Saturday, February 28, 2009

President Obama is Coming to the Czech Republic!

What a great time to be an American in Prague! It's incredibly interesting to watch the Czech Presidency of the EU (that's the first six months of the year), the Velvet Revolution is twenty years old in November, and the President of my country, the United States of America, is coming here in April! How cool is that?

It's not everyday that I'm inspired to write a politician a letter. My Czech friends, with their heartfelt and probing questions about the proposed missile base, inspired me to write this one to President Obama in January. Link on the title to read the post.

It's actually going to happen!

More Patriotism: In Love with Abe Lincoln

Ben Franklin said after America declared her independence: "you have a Republic, if you can keep it." The last eight years we came pretty close to internally losing our way as a country, rather than someone taking it away from us.

Bad leadership is not the norm in America. I don't know why, but my country has been blessed with some really extraordinary, humble men leading us that inspire love. Maybe I'm a little homesick for the known. Or maybe it's knowing that Lincoln inspires my new president too. Or maybe it's just I appreciate where this writer is coming from after I spent four days learning about Lincoln in Springfield, Illinois last year. This beautiful tribute to Abe Lincoln in word and pictures that I've linked to in the title moves me so, I wanted to share it.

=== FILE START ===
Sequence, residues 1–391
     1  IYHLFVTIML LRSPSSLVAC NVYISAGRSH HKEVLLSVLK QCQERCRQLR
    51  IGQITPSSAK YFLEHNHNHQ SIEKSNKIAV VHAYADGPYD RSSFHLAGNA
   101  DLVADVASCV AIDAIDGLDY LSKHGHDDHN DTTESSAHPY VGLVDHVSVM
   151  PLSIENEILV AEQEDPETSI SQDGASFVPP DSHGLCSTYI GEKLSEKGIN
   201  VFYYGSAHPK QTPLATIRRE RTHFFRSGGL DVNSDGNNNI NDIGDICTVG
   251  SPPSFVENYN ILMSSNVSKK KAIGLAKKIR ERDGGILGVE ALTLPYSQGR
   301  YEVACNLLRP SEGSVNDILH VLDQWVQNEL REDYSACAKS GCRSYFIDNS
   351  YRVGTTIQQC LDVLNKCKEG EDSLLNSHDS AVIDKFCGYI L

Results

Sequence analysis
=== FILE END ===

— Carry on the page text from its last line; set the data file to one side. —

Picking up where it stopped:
Wednesday, February 25, 2009

An Unexpectedly Patriotic Weekend

This weekend I went over to my friends' flat and watched the first two installments of the HBO series "John Adams" about America's founding father and second president. My friend Nhan said, "it can't help but make you feel more patriotic." So true.

John Adams had an eye for talent. He considered himself obnoxious and widely unpopular in his own time. Yet it's impossible to not like a guy who valued his wife's advice so much. On my life list of 'things to do' is to read the letters John and Abigail Adams wrote to each other while he was away at the Continental Congress. In addition to selecting a great partner, Adams also suggested George Washington to be the first General of the Continental Army and Thomas Jefferson to author the Declaration of Independence. Humanity's general consensus: good calls.

Sean Penn as Harvey Milk

The next day I went out to see "Milk," the new movie about San Francisco activist Harvey Milk, starring Sean Penn. Sean Penn was totally believable as a gay man. Penn won the Oscar later that night for "Best Actor." He deserved it.

It was fascinating to see how America's founding fathers constantly inspire new generations of people to demand their rights. Harvey Milk was the first openly gay politician elected in America. Today in America, being openly gay still takes a lot of courage (American teenagers who are dealing with their sexual orientation have a higher than normal suicide attempt rate) but it's a lot easier because of people like Harvey Milk. This movie, like the "John Adams" mini-series, made me so damn proud of my country. Here was another wonderful example of Americans leading the cry for us to live as if "all men are created equal." MILK is a movie that sends hope all over the globe to people who need it. That's what the America I know and love is supposed to do. Spread hope.